That's odd. You definitely must have some kind of iptables or nftables rules enabled by default. Without any rules the firewall should generally block all new incoming connections to your device. I don't know which firewall Manjaro uses by default, so you will have to look at Manjaro's documentation. Firewalld is simply a management overlay of sorts for that. Since you mention "till yesterday", I am assuming you just installed firewalld. Look at setting it up, and change the zone for your USB hotspot interface, to "home" and in the permanent settings for the home zone, make sure the icmp and icmpv6 services are permitted. Alternatively you can enable the ports for those services.
I installed UFW that day, iptables was installed but not enabled in systemctl. I even tried allowing all connections so that can't be a problem ig.
Code:
sudo ufw status verbose



Status: active
Logging: on (low)
Default: allow (incoming), allow (outgoing), disabled (routed)
New profiles: skip

To                         Action      From
--                         ------      ----
137,138/udp                ALLOW IN    Anywhere                
139,445/tcp                ALLOW IN    Anywhere                
137,138/udp (v6)           ALLOW IN    Anywhere (v6)            
139,445/tcp (v6)           ALLOW IN    Anywhere (v6)
Is sshd enabled on your PC? Can you SSH to it? Did you have any other machines that you were able to use to ping to it?
1 nope 2. ofc nope 3. I only have 2 machines, but my other phone(not in tethering) also can't get the file share.
Please help me understand your network topology exactly. From what I read it appears to be as follows:

linux PC<->mobile phone USB tether<->wifi<->router<->laptop.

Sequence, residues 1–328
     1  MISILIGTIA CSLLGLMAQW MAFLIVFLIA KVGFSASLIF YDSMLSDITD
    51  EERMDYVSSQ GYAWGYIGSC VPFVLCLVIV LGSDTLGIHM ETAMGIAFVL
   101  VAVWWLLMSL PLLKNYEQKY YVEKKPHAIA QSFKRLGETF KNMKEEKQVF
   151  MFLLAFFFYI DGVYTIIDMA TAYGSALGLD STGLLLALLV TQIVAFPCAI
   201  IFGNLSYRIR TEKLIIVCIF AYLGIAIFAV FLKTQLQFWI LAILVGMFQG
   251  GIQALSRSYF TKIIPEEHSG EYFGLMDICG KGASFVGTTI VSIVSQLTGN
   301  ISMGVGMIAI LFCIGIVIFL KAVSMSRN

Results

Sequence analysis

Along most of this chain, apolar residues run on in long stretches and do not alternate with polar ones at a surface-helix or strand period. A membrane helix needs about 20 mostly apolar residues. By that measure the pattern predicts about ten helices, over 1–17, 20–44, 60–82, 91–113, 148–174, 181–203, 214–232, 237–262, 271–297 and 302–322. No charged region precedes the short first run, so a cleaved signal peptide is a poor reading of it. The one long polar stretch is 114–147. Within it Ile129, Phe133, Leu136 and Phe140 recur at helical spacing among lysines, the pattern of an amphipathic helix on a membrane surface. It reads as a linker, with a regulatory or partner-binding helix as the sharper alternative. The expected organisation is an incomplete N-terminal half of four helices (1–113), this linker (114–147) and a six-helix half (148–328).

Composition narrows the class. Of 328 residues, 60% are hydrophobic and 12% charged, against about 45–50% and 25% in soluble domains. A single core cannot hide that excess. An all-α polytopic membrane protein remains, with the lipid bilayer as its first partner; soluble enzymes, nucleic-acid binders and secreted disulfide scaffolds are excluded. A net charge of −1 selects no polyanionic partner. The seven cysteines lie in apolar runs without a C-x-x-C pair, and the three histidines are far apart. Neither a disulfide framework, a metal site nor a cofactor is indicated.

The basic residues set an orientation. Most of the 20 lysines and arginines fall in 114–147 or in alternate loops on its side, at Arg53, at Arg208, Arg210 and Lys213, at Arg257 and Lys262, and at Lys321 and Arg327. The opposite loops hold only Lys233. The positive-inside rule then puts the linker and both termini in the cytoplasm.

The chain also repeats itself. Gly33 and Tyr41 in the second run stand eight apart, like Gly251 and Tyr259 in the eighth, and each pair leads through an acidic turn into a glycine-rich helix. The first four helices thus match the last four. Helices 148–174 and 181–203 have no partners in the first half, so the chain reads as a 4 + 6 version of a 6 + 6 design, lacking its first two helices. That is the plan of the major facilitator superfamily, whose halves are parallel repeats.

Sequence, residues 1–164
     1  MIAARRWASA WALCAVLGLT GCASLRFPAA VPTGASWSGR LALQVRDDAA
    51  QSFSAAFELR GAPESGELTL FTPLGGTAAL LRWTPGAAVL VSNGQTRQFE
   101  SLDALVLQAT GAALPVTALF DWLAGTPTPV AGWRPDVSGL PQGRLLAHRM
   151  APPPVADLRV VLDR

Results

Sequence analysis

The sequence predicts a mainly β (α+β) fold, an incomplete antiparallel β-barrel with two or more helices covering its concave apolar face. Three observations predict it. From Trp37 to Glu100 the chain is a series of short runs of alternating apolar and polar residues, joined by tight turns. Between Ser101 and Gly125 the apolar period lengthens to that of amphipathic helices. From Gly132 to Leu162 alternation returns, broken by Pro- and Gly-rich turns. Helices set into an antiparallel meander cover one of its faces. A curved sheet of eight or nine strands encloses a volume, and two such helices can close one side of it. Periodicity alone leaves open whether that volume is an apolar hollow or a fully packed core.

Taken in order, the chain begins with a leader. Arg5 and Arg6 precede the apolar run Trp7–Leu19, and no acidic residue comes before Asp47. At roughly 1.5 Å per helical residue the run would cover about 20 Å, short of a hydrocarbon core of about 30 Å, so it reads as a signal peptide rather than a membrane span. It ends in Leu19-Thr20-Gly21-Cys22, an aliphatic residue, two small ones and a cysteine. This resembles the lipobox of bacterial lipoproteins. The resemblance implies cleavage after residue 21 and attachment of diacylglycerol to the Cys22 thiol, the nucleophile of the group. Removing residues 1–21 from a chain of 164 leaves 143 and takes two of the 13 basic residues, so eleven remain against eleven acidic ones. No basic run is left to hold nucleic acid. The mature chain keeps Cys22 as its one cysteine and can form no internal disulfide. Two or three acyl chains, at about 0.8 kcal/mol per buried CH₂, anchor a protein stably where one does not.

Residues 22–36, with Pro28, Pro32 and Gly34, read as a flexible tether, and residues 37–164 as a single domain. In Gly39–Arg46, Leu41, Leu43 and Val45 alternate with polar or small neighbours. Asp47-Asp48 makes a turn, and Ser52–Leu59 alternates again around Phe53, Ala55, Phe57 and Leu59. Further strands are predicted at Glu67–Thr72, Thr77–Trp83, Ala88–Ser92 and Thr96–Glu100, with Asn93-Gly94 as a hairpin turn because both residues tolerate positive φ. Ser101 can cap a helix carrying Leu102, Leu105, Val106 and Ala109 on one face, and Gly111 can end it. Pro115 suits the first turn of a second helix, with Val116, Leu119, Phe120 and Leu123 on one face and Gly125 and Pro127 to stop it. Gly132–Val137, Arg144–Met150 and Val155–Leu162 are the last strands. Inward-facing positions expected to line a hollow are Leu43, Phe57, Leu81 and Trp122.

Exactly correct, router is connected to laptop through wifi too

According to the Amazon listing, the device works up to kernel 4.4.3. Make sure you look at the docs. Considering Manjaro is basically Arch Linux with some tweaks, you should be on 5.9.x by now. I don't know what chip that particular dongle is using, so that's something you'll have to look up. Usually generic open source drivers work, but some chips can be a royal PITA to handle - my Z87I deluxe has built-in wifi and bluetooth which I have been unable to make work on linux in the past five years.
Oops I misunderstood it as working from 4.4.3 onwards.
If you have a wireless router at home, why not just plug a CAT6 cable to the PC and call it a day?
Eh, cable clutter thus family not agreeing.
Just buy it and then test it. If it doesn't work, then return it. I had to return one such dongle once.
Yeah, I got it for 380, but it would be a shame if it wouldn't work, hope amazon return service is good lol.

What adapter/wifi card do you guys use in linux?
 
Last edited:

whitestar_999

Super Moderator
Staff member
Can you put a sharing password on linux shared folder & then try from windows? Basically set it up so that accessing shared linux folder needs username/password prompt.
 

Extreme Gamer

僕はガンダム!
Vendor
Well if you can't ping your server, then I'd look into being able to access it remotely with SSH. For testing purposes, enable ssh and try to access it from your laptop with PuTTY or something.

Also see if your linux PC is detected by your router. If your phone is NAT-ing it then it might not have a separate address from your phone. That would definitely put a spanner in the works. In fact, since you say PC->laptop works but laptop->PC doesn't, try to hit your laptop with packets from both your phone and your PC. With netstat and some appropriate filters you should be able to see how your laptop identifies the packets from your phone and your PC.